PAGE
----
Of course, there’s a great deal of movement from the tobacco company itself. Eventually, Mike Wallace (Christopher Plummer) gets involved in the story, Wigand agrees to go on the record, provided the details of the agreement he signed can be worked out, and Wigand and his family start receiving death threats, subpoenas, and considerably less than expected help from the FBI, since the field office near Wigand has a number of agents with ties to the tobacco industry. Further, since Wigand’s testimony could cause serious damage to the industry, CBS finds itself under threat of lawsuit from Brown and Williamson, causing them to cave under pressure and hold the story back.

This is not a fun movie, but it is a compelling one in its own way. It’s also too long for the story it tells. This is, of course, an important story to tell, but the more than 150-minute length is at least 20 minutes too long. Perhaps in 30 or 40 years, the long sequence at the start establishing Mike Wallace as a veteran newscaster interviewing the head of Hezbollah will be important to those future audiences. For the rest of us who live now, Mike Wallace doesn’t need that much of an introduction. This is particularly true in the sense that The Insider portrays a moment in time a mere couple of years removed from the events it portrays.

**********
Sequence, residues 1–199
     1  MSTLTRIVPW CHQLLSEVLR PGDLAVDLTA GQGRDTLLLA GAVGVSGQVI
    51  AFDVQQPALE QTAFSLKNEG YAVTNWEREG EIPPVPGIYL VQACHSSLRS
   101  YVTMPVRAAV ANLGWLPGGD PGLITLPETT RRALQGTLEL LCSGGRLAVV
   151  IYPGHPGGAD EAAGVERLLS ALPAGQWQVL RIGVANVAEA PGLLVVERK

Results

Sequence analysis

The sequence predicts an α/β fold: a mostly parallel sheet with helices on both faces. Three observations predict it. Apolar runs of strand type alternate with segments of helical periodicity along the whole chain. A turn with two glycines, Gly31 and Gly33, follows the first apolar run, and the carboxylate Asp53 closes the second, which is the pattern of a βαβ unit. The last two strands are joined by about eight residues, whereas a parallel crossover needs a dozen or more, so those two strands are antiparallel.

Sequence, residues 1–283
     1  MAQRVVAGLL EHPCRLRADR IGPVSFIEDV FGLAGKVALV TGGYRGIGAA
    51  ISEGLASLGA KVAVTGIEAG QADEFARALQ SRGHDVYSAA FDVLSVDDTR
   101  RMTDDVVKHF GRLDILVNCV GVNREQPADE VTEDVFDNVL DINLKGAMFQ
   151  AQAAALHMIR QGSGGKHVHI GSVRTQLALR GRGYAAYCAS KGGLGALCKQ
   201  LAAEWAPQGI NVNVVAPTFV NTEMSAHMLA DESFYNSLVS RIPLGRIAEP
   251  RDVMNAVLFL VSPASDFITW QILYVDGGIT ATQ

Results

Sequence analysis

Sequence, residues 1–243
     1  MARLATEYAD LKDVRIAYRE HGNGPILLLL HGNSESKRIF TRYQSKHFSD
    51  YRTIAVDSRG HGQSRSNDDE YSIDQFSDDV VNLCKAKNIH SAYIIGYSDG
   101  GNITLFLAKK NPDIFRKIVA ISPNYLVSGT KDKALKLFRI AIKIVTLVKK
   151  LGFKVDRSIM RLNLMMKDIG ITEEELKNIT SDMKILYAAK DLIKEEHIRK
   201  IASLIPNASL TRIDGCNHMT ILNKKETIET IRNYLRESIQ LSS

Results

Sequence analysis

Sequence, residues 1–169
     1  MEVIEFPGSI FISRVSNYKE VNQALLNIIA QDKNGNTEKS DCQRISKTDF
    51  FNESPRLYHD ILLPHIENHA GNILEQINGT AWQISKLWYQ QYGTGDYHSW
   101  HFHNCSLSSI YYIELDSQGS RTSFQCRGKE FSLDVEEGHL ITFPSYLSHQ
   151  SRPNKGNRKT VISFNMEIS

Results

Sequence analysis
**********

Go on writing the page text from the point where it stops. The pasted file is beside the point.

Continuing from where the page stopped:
I said at the top that this appears to very much be the coming out party for Russell Crowe as a serious actor, and it is Crowe who received the Best Actor nomination. I won’t say he didn’t deserve it, but I could just as easily see a nomination for Pacino, and a supporting nomination for Plummer as Mike Wallace. Pacino does get one of his trademark rants in, but it is generally a measured performance. Plummer portrays Wallace as both a man with his own worries and concerns and, more than once, as a stone cold badass. That said, I understand Crowe’s nomination. He plays Jeffrey Wigand as a man deeply torn by his convictions and the realities of the world he lives in. It’s a sympathetic portrayal from a guy not really known for them.

The Insider is worth a watch. There are certainly elements of thriller here, although it feels toned down from what we normally expect from a film that comes with that label. The reason is simply—even though the notes at the end of the film tell us that certain events were changed to heighten the tension and drama, this is a film that plays itself very much as a part of the real world. There’s nothing extreme here, which makes it all the more believable, and for that matter, all the more frightening.